Weekend Rails

what we do for our kids

Of plans and pressure

3rd February 2013

Those of my readers who like to think of themselves as regular will be aware that the first weekend of the month is generally regarded as the best weekend, where "things go right". It was a pity therefore that the Saturday was taken up with another Class 14 Owners group meeting, where the company was pleasant (people representing D9516, '20, '21, '23, '26, '31, '37 and '55 were there, and good friends amongst them) but when someone starts asking about the rumoured 10 spare Paxman engines that Swindon had for the '14s?

It was nearly half a century ago - does he expect them to be suddenly found like Sleeping Beauty in some remote overgrown castle in a corner of the Swindon complex? As we drove back we discussed what we had to do at Scunthorpe the next day and as Beverley is still stuck outside, rather limited the actions on that loco. Andrew took his courage in both hands and decided that, as it was the first weekend of the month, we would spend some time and get the 03 running again.

So he loaded up the van accordingly and at my insistence. added the battery charger to the various pieces of pipework (to form Beverley's vac system) and other bits. My insistence proved sound, for as I was setting up our battery charger on D2128, he tried to get an AFRPS battery charger to deliver on Beverley and it refused. In fact, I'd checked the batteries on D2128 before putting them on charge and despite them not being new (they are actually about 5 years old and previously did much hard work on 14 901) and having been left, untouched for about 6 months they were holding 24.8V. This is why we like silver alloy batteries so much - well worth the extra initial cost. After a short charge, I could release the charger over to Andrew to breath life into the not-so-happy batteries on Beverley.

After a last check around on various pipe connections we refilled the transmission oil reservoir and reconnected the temporary throttle cable. Ah yes, throttle cables. My first manufacturer, after several reminders, came back and said that they don't have anything suitable and declined the enquiry. So I have thrown it at two others. One has yet to acknowledge, the other came back instantly, assuring me that they have suitable cables "in stock" and could I supply the dimensions in inches rather than mm? I did so, since when he has gone very quiet. But the cable linkage we bodged last year (I won't go to long lengths to explain why, just believe me when I say we can't use it permanently) was still in situ and after reconnecting, I pulled out the run relay and we cranked D2128's Cummins over. As soon as oil pressure was apparent we replaced the relay, and cranked again, and this time the engine started. A Cummins PT fuel system can behave a bit oddly when there's air in there, and (we later discovered) we had the temporary throttle not quite going all the way back to idle, so the first few seconds were a trifle nerve-wracking but proved the stop control worked. After a few adjustments things settled down and we waited, both watching the torque converter gauge for an indication of pressure which would announce that the converter and its cooler were full.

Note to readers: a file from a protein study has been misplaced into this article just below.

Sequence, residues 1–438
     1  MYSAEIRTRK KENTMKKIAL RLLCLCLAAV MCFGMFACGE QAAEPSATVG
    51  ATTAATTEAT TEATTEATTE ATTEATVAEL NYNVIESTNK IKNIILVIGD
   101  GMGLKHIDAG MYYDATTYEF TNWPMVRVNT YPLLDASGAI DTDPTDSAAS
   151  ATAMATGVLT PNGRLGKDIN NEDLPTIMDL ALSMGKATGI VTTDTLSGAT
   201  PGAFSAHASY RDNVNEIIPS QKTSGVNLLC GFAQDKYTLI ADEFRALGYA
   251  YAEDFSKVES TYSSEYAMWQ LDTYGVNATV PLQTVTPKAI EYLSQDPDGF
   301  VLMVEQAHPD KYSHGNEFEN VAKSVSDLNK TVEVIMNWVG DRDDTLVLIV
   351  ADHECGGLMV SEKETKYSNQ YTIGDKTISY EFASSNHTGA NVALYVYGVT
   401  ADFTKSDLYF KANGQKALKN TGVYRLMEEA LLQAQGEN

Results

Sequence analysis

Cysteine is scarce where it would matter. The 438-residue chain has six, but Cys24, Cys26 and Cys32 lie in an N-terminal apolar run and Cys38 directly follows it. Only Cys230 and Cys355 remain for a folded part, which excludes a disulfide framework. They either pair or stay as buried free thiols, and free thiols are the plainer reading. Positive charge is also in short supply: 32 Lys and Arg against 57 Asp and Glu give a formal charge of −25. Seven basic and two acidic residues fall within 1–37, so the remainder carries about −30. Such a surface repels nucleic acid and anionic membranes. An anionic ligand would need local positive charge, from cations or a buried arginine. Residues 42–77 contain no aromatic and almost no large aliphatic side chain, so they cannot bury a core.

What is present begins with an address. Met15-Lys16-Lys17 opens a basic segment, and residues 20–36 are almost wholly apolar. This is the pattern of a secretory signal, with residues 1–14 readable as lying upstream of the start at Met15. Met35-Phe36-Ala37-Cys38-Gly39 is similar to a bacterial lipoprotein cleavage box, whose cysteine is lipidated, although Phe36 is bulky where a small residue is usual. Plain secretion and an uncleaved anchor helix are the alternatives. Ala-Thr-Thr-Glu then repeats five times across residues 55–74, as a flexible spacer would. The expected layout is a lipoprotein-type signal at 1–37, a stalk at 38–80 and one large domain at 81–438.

It is a large system on the 03, and a small pump. Several minutes later we still had no base pressure and as Andrew had done several "tours" around the loco looking for leaks, I decided to take a turn and found a large one up at the front. We shut down and investigated - when we drained the system, we'd detached the return line from the cooler to enable air to get in, and had completely forgotten to reconnect it! With that remedied, base pressure began to climb and as by now we had air pressure too, we opened the shed doors ready to drive D2128 out into the sunlight. I engaged what should have been first gear, (or maybe second, who cares) and released the brakes, but my ears told me something wasn't right as the engine note had not changed and sure enough D2128 stayed motionless. Over the next half hour we checked through all the wiring, finally proving that the required solenoids were energising, but not so much as a twitch on the propshaft was forthcoming. Have we been here before? Yes. Hadn't we just spent a rather large sum of money overhauling this transmission to avoid a recurrence? Yes to that too. My test gauge was still in the loco so after a hunt for the adaptor we hooked it back into the base supply line at the powershift, which should indicate a pressure of about 85psi. With the engine running, it struggled to make 15. It might - and I stress the might - be that the oil level in the reservoir was low enough to be drawing a little air (but the converter pump comes off the same feed and that was OK) but more likely the main regulating valve in the transmission has not been set up properly, and we must consult them-as-overhauled-it before going in and invalidating the warranty. So we abandoned D2128 for the day and Andrew got the paint out and started brushing the doors from Beverley while I drew up a shopping list for bits still required to get the gear detection and such-like finished on D2128.

As we drove home, the topic of the throttle control came up and Andrew conceded that, if the current two enquiries come to naught, we'll reinstate the (original) electric throttle actuator and I can duplicate the system I am due to fit on Libby. We also spent some time discussing the merits of which loco to tackle next after D2128, Beverley, Libby plus outstanding tasks on Tom, Pluto and the Drewry. We do like to plan ahead.

So what went wrong with the first weekend of the month? Ah. Yes. Well, I suppose there has to be an exception to every rule.


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